Encryption is a must when dealing with sensitive data or passwords. In a previous blog post we've looked at encrypting using werkzeug, which comes with Flask. In this post we'll take it further and use a popular encryption library called passlib.

Not relying on werkzeug means you can take anything in this blog post and apply it to any Python app—and not just Flask apps.

I'd recommend reading my previous blog post on encryption for a general overview regarding what encryption is and why it's important. This is also another good, quick guide on cryptography.

Hashing algorithms

There are many different hashing algorithms, and we are constantly searching for and coming up with new and better algorithms. Some that were used in the past are now considered unsafe, and the most modern ones are generally considered uncrackable.

Hashing vs. encrypting. A simple explanation is that if you encrypt something, you can decrypt it. If you hash something, you cannot 'unhash' it.
For passwords, we hash them because we don't want anybody to be able to turn them back to readable text. Read on to see how to check a hashed password is correct!

Some of the hashing algorithms that are presently out there are:

  • Argon2
  • PBKDF2
  • Bcrypt / Scrypt

These are different in their hardware requirements, speed, and implementation. However, they are all extremely difficult to crack.

I cannot recommend learning everything about how hashing algorithms work, because it is a very complex field (full of mathematics!). A very modern, heavily scrutinised, and seemingly well rounded algorithm is Argon2. However, you may find some issues in some operating systems when it comes to using it.

Since the biggest problem with encryption and hashing is that software developers don't use it enough, any of the choices is better than none of them. I would recommend using PBKDF2 or Argon2, as they are both "better" than Bcrypt and not as hardware-consuming as Scrypt.

To keep things simple we'll use PBKDF2—as it works on all operating systems and hosting providers.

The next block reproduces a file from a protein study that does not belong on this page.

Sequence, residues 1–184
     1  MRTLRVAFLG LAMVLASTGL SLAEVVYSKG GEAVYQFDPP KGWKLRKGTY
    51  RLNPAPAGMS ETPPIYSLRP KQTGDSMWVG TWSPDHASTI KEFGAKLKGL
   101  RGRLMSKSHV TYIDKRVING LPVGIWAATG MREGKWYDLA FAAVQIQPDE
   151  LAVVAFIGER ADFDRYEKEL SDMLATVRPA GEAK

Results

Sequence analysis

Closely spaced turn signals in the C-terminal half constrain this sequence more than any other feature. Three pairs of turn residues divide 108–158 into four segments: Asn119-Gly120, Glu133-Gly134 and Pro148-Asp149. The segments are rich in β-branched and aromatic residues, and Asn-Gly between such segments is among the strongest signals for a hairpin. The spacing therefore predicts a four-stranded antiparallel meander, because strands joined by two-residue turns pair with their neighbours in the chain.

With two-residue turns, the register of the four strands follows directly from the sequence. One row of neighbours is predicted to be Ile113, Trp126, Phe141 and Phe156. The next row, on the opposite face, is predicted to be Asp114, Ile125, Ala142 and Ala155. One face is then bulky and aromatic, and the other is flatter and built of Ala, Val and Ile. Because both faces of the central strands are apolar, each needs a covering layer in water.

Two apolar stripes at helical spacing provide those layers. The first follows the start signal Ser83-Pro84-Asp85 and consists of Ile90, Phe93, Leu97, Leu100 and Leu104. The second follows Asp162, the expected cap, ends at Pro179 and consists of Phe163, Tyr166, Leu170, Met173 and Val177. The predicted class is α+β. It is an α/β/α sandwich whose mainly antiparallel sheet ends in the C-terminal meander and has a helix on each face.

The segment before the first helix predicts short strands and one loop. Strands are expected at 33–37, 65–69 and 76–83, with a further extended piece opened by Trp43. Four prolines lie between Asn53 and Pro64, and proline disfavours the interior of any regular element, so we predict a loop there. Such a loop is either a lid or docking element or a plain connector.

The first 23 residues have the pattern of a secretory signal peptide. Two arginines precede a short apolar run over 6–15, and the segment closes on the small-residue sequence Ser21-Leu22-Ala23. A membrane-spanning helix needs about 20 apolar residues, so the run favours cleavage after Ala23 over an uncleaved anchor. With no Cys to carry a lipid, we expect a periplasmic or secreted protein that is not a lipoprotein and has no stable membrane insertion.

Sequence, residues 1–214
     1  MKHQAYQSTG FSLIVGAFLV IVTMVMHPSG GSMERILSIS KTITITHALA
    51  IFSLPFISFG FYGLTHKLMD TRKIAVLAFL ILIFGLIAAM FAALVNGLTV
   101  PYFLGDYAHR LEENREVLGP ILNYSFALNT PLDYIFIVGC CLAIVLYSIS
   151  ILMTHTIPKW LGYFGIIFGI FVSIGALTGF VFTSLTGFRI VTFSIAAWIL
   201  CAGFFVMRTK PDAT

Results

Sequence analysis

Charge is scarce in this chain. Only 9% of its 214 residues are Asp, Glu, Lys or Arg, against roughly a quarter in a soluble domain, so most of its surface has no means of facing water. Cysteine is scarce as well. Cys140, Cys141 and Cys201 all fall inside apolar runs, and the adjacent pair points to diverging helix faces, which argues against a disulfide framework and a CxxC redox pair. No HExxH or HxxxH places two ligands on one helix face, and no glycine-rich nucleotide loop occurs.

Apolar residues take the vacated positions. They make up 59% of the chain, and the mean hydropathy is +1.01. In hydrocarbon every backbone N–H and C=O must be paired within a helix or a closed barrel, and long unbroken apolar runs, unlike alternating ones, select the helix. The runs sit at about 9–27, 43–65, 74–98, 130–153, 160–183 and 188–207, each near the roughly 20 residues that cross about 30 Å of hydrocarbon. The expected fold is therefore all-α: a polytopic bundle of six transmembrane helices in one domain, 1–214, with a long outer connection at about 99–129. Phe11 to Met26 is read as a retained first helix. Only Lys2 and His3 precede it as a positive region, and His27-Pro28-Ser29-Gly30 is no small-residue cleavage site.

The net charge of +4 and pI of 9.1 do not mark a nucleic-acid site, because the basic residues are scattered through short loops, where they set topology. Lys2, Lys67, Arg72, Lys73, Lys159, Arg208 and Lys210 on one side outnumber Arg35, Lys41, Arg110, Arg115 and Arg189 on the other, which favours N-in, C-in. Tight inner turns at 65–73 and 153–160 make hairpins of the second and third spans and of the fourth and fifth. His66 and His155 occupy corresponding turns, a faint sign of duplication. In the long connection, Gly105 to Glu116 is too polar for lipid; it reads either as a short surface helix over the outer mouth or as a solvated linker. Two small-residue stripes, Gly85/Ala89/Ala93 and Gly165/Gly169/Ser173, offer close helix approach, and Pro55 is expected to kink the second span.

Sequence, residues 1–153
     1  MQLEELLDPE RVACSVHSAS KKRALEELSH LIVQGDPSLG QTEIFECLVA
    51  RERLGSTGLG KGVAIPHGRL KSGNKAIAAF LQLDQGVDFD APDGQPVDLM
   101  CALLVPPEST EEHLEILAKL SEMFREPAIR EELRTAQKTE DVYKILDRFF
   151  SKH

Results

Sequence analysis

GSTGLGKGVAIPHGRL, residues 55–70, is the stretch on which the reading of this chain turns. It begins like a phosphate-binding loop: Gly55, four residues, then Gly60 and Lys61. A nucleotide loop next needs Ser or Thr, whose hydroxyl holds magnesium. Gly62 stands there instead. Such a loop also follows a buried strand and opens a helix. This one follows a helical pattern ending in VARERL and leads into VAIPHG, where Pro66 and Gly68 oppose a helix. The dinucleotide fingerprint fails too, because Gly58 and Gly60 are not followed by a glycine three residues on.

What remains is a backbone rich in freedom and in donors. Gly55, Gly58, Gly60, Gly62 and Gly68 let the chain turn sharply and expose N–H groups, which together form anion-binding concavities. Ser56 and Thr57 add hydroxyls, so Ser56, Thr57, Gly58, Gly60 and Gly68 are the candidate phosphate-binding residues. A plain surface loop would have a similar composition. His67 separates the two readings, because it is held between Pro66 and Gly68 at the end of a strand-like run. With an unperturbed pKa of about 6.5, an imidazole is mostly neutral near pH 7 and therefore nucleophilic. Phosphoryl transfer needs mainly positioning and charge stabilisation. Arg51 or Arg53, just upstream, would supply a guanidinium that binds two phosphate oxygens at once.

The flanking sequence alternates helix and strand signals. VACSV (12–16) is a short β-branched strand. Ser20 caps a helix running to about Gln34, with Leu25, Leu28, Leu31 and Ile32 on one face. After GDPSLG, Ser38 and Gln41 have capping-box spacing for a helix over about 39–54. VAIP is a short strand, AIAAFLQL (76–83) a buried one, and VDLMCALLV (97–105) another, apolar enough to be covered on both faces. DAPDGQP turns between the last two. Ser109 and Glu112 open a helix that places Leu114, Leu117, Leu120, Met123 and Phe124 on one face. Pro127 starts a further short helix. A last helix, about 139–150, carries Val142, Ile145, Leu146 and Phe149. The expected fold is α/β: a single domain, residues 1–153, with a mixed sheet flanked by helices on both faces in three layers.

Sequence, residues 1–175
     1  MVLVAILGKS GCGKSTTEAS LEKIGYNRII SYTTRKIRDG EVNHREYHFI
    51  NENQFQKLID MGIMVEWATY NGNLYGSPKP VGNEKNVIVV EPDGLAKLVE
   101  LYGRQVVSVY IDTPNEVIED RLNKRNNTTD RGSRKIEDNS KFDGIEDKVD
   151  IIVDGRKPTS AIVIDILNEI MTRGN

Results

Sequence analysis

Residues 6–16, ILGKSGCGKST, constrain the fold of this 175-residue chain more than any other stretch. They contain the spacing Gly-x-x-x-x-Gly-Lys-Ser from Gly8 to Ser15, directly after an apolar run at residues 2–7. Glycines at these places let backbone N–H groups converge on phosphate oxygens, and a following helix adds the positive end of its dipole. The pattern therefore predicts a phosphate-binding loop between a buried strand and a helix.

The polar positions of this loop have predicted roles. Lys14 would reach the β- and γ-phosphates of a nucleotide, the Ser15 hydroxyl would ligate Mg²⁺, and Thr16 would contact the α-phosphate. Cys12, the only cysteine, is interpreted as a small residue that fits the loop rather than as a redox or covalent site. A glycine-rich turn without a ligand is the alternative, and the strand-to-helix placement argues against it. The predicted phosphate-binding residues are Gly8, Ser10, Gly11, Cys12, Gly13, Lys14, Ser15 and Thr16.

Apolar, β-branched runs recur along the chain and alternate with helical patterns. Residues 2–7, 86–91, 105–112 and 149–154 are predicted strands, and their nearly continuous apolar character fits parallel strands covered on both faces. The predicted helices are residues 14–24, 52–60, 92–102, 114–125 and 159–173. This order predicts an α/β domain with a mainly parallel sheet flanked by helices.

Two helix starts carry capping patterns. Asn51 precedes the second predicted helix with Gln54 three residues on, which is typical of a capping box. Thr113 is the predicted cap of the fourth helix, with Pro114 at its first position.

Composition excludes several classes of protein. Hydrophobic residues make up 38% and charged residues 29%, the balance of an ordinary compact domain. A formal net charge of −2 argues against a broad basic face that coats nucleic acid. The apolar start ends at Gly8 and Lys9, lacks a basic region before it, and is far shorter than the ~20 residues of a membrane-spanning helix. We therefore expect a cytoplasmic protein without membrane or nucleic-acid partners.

We'll be using passlib as our Python library to implement hashing. They have an excellent guide on how to pick a hashing algorithm.

Using passlib

To install passlib, all we need to do is:

pip install passlib

You may get some warnings about missing libraries. These would be used for other encryption and hashing algorithms. If you want to use something other than PBKDF2, please look at the optional libraries section in the Passlib documentation for information on which one(s) you need.

The CryptContext

Passlib works by defining a context. In it, we specify what algorithm we'll use for hashing, as well as any configuration parameters.

We can skip using a CryptContext, and instead interacting with the hashing algorithm directly. Passlib provides a way to do this. However, using a CryptContext allows us to more explicitly define configuration parameters, and makes things more readable. Also, it allows us to support multiple algorithms at once should that be a requirement for our system.

Creating the context with PBKDF2 is done like as below. Place the following code in a new file (e.g. security.py):

from passlib.context import CryptContext

pwd_context = CryptContext(

What are rounds?

A round is a part of the algorithm that runs many times in order to reduce "crackability". Different algorithms recommend using different numbers of rounds.

This is a fantastic StackOverflow answer from a passlib developer which goes into more detail about rounds, and also how to calculate what number of rounds to choose.

Depending on how many rounds you choose, the algorithm will take longer to encrypt. Thus, your users will have to wait for longer for your application to resume. Pick a number too large, and your users will be frustrated. Pick a number too low, and your user's data will not be safe.

A rule of thumb is to make the users wait a maximum of ~350 milliseconds—so you can fine tune the number of rounds so your algorithm doesn't take longer than that.

Here's an explanation on why waiting ~350ms is good.

Encrypting and verifying passwords

Now that we have our CryptContext, we can use it to encrypt and verify passwords. Let's add a couple functions inside the same file where we created the context:

def encrypt_password(password):
    return pwd_context.encrypt(password)

def check_encrypted_password(password, hashed):
    return pwd_context.verify(password, hashed)

That's it! Whenever we want to store a user's password in a database, we should encrypt it first by using our encrypt_password() function. Whenever we want to log in a user, we'll compare the password they provided in the log in form with the password stored in the database, by using the check_encrypted_password() function.

Note that at no point we 'unhash' the password in the database. We just use the algorithm on the password we want to check, and that turns it into a new hash. If the one in the database and the new one we create are the same, we know the password is correct!

Last updated in May 2019. This post was initially published in December 2017.